Dan: MagCloud offers many different software options for creating your publications. What is your preferred path?
Nick: When it comes to my work, I’m a bit of a control freak, so I prefer to use InDesign to layout my publications. The MagCloud and Blurb PDF export settings make it super easy to go to print.
Dan: What’s on your MagCloud wish list? What do you want?
Nick: I would love a newsprint option! That’s one stock I have yet to print on, but I’m sure it would be a blast. I could publish my own photo weekly gazette, and sell them on the street corner.
There’s nothing like seeing your best work in print. Explore the creative possibilities and discover the MagCloud format that inspires you.
Nick is a true zealot about experimenting with techniques and cameras then sharing his joy of seeing with a dedication to craftsmanship.
Very nice your information and really helpful.Thank you so much
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Nick is a true inspiration, really motivating post.
such a nice and motivating post.
(This comment, unlike those above, is from someone who doesn’t work for you. Like the hundreds of people complaining about your company I saw via the links over on the right-hand side of here)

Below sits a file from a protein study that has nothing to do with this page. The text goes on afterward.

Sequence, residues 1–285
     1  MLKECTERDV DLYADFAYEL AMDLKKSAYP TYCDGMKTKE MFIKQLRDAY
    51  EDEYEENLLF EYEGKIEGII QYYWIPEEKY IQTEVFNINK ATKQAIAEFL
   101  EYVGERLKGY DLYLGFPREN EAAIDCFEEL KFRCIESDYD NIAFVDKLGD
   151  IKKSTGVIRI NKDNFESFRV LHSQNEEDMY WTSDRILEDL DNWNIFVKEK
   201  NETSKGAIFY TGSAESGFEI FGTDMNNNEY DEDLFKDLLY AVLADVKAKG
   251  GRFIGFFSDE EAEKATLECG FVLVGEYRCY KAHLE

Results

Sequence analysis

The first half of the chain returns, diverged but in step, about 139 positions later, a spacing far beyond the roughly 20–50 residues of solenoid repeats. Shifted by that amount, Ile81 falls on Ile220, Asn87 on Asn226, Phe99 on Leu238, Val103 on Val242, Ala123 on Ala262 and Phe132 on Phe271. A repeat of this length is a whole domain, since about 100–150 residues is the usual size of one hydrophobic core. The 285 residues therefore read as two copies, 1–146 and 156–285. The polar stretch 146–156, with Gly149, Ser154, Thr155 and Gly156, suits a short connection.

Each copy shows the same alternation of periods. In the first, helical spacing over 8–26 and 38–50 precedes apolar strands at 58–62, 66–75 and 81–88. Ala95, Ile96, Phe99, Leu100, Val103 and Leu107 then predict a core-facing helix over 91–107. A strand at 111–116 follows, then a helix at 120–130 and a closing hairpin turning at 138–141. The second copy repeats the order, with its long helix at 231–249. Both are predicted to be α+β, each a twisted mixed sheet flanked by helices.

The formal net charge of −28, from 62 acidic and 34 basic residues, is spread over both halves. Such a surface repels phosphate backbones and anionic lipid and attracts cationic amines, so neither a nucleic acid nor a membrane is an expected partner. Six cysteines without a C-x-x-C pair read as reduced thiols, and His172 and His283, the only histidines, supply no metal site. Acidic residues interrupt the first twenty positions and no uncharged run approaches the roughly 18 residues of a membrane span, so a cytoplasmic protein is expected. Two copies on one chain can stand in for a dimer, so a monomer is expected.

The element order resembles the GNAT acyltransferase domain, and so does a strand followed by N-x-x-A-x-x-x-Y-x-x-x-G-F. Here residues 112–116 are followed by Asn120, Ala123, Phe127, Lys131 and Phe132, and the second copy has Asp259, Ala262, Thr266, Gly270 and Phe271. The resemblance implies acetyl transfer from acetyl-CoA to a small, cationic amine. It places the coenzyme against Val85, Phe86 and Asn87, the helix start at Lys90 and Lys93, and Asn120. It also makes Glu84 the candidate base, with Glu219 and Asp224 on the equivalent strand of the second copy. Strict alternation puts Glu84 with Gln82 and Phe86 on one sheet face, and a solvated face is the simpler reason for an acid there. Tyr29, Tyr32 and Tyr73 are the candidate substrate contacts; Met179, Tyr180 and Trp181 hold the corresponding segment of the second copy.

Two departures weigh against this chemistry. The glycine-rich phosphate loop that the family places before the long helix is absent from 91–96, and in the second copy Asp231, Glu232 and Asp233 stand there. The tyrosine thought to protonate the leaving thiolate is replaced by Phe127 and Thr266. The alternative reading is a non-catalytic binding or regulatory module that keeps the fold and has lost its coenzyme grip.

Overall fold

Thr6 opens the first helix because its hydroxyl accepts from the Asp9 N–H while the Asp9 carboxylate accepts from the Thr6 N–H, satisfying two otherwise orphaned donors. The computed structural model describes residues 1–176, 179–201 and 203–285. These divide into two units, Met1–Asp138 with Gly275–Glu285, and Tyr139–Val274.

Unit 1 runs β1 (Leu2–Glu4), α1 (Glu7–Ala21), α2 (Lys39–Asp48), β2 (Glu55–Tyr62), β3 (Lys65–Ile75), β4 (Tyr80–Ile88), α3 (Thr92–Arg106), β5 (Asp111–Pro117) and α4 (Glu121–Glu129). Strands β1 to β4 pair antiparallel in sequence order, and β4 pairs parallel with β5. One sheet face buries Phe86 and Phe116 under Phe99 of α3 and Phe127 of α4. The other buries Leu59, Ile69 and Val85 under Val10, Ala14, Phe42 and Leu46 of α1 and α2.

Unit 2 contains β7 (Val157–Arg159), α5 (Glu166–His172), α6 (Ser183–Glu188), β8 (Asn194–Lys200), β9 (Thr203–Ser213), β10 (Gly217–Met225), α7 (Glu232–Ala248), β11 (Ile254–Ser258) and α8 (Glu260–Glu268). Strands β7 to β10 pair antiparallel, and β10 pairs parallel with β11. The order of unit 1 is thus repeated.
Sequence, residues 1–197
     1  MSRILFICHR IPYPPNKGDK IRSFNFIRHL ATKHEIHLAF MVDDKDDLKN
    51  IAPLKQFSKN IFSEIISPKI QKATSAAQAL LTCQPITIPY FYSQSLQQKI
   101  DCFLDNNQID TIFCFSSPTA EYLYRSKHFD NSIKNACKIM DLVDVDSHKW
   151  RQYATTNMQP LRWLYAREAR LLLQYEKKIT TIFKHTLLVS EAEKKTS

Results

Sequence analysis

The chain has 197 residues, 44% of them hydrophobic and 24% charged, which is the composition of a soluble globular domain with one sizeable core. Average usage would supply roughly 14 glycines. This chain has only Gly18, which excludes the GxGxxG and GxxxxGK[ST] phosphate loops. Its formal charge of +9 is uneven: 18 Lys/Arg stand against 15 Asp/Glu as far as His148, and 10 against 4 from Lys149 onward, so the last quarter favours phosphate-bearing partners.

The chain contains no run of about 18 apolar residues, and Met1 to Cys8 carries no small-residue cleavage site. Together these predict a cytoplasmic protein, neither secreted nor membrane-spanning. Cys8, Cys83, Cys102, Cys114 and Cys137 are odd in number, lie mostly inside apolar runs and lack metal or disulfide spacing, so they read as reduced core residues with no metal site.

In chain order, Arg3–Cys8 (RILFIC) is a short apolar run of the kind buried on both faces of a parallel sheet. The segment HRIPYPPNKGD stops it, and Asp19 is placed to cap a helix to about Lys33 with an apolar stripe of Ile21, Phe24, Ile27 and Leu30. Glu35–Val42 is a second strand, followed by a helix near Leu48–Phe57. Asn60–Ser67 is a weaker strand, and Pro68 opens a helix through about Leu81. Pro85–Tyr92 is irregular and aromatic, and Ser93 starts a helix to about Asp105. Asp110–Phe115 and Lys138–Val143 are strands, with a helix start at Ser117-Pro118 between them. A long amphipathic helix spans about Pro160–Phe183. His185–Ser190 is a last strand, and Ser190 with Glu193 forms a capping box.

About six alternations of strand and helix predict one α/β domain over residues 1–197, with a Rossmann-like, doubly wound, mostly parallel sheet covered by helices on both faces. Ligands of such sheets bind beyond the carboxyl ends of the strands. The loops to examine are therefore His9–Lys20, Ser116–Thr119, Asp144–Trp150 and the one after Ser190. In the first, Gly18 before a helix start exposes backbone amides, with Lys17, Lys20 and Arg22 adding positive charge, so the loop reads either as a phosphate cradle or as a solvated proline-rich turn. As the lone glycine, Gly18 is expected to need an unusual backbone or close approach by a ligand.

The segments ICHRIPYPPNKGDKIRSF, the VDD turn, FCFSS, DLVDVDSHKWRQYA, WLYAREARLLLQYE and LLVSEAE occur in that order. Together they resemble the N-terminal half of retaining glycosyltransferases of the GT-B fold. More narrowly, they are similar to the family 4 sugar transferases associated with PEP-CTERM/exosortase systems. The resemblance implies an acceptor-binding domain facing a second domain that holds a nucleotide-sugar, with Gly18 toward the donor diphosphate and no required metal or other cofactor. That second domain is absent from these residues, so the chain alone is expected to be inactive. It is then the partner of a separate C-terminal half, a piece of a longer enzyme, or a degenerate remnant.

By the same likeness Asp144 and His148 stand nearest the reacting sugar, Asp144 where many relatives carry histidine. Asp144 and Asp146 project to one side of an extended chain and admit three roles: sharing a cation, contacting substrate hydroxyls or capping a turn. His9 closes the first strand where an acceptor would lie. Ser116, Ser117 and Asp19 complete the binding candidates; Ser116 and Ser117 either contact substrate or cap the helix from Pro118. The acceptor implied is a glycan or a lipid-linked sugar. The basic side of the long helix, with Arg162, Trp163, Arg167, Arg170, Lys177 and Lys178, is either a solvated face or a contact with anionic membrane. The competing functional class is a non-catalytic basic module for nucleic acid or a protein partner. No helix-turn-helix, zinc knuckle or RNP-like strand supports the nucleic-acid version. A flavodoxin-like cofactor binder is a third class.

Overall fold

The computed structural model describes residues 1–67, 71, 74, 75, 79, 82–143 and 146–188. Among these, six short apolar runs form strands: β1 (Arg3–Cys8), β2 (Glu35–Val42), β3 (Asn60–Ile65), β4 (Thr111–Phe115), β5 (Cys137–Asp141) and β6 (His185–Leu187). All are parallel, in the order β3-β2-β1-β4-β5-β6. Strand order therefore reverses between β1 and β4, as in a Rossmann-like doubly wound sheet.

Hi, MagCloud !
I didn’t sign up for your shitty offers that you have repeatedly emailed me (the link in them leads me to this page)
Nor is there an ‘Unsubscribe’ option in them.
Pretty sure you’re in breach of GDPR
Stop sending me your fucking crap.
Nor, when I made a purchase through your site did I give you permission to open a fucking public profile on my behalf.
I know you American fuckwits have been unable to do anything in your lives – from carrying out purchases to taking a shite – without aligning it with your performative social media profiles.
Thankfully this problem, though present, is nowhere near as bad here in Europe.
Close the fucking thing (as you have provided no means to do this on your actual site) – I never asked for it, gave permission for it, & nor do I want it.
(Will repeat ’til issue is dealt with)
Such a nice post